Dental hygiene and medical students from USD join forces for Fluoride Varnish Project

Dental hygiene and medical students from USD join forces for Fluoride Varnish Project
Professor Bob Nelson and Associate Professor Beverly Kennedy of The University of South Dakota dental hygiene department recently accompanied a group of nine senior dental hygiene students and 14 Sanford School of Medicine first-year students to Sioux Falls for a service-learning experience.�

Students performed fluoride varnish applications on May 2 for 245 Head Start, pre-school and elementary students at Garfield, Robert Frost and Family Immersion Center schools in Sioux Falls. The preliminary scheduling was done with the assistance of Shirley Lund, RN, MSN, health coordinator, Sioux Falls Head Start.�

Dental hygiene students perform this type of preventive program throughout their curriculum, but this was a new joint venture between the two programs. Varnish is painted onto dried teeth with a small brush, providing an easy and effective method to help prevent tooth decay. After application, the students can eat or drink whenever they want. The only restriction is waiting at least six hours before brushing their teeth.�

The advantage of this type of preventive project is that the fluoride can easily be applied in a classroom setting with little disruption to everyday activities. In fact, this was the second application for a majority of the students; the dental hygiene students applied the varnish in November as well.

Along with helping to prevent tooth decay, this project allows the dental hygiene and medical students to check for any obvious dental issues. Any noticeable problems are charted, and the students are then referred to a dentist.

Both Nelson and Kennedy stressed the importance of applying the fluoride varnish for these young students in Title I schools since this population is at high risk for decay. The fluoride concentration in the varnish is very high, yet there is no chance of toxicity as the amount applied is minute; the varnish solidifies as soon as saliva contacts the teeth. Therefore, none of it is swallowed.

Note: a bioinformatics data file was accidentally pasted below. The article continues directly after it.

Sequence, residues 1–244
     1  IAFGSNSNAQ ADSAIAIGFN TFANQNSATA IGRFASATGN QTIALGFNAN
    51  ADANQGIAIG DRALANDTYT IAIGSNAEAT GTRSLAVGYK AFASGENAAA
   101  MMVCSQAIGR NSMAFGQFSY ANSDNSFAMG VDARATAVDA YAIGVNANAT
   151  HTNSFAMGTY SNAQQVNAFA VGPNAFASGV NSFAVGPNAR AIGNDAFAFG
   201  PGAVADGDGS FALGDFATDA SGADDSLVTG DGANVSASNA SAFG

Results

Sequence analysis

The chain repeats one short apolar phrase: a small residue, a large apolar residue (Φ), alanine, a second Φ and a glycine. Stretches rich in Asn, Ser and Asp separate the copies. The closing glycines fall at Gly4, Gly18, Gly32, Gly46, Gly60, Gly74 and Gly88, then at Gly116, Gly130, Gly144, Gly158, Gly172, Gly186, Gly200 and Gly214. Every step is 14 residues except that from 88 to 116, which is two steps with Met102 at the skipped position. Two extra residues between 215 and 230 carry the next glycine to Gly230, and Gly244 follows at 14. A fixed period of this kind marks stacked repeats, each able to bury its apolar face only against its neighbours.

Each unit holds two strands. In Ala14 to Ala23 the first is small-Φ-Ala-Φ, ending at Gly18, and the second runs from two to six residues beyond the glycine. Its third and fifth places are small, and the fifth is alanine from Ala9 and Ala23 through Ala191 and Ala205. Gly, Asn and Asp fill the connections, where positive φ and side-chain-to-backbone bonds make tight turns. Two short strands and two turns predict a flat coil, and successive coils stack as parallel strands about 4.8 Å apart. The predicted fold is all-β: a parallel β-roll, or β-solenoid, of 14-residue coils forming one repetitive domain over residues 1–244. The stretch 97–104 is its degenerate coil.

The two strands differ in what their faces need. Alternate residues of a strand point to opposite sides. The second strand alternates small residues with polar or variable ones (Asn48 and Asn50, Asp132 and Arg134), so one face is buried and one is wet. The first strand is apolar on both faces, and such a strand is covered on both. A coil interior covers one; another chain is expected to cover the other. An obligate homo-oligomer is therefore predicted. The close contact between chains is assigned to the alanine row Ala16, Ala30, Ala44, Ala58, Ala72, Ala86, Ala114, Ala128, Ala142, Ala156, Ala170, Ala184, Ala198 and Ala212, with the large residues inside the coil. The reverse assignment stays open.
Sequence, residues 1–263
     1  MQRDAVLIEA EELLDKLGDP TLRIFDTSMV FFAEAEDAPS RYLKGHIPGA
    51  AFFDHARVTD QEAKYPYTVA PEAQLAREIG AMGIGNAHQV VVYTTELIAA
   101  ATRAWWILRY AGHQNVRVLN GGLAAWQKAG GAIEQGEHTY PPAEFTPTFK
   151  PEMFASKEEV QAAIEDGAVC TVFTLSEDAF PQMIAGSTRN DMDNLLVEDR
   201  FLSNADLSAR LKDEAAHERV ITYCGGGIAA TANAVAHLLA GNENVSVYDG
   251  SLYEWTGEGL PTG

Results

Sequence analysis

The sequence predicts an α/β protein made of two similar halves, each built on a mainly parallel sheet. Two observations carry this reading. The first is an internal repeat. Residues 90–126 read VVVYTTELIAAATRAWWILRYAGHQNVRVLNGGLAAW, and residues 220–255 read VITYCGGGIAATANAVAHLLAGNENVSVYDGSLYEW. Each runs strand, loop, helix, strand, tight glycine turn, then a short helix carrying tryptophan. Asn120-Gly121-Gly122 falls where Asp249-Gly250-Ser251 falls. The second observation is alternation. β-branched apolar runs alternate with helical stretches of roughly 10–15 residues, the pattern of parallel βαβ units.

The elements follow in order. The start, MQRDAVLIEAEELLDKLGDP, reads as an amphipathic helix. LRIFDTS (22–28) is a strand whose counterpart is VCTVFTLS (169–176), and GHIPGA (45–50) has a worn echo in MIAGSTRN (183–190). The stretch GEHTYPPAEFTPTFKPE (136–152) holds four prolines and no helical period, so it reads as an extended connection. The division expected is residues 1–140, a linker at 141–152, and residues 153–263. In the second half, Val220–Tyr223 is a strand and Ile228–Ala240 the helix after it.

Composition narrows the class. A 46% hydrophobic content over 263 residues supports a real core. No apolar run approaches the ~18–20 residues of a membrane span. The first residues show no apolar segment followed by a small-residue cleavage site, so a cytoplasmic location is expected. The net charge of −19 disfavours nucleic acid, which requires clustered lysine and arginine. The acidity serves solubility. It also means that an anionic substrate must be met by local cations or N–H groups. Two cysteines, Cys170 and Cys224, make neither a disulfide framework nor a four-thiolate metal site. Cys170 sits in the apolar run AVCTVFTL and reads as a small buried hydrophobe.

"Anything that can be done to prevent cavities should be. We know that the number one reason children visit the school nurse is because of a toothache. We also know cavities can be prevented, and fluoride, more than anything else, is going to help prevent them," said Kennedy.

This was a new experience for the medical students, but they seemed to enjoy it. "My favorite part of the day was when a little girl asked me why my teeth were 'dirty.' I explained that I drank too much coffee and her response was, 'You should brush your teeth every day, just like me.'" said Jenny Tinguely, a medical student from Sioux Falls.�

"This project made many of us medical students realize the importance of a multi-disciplinary approach to health care. Applying the varnish would be something pediatricians or family physicians could do during well-child exams very easily. It only takes minutes to apply, and it is now currently covered under Medicaid reimbursement in this state for children under the age of six three times a year," said Carrissa Pietz, a medical student from Lesterville.

Funding for the project was provided by the South Dakota Dental Association's Partners in Prevention Program. Plans are to continue this project as an interdisciplinary activity, with hopes to expand it.

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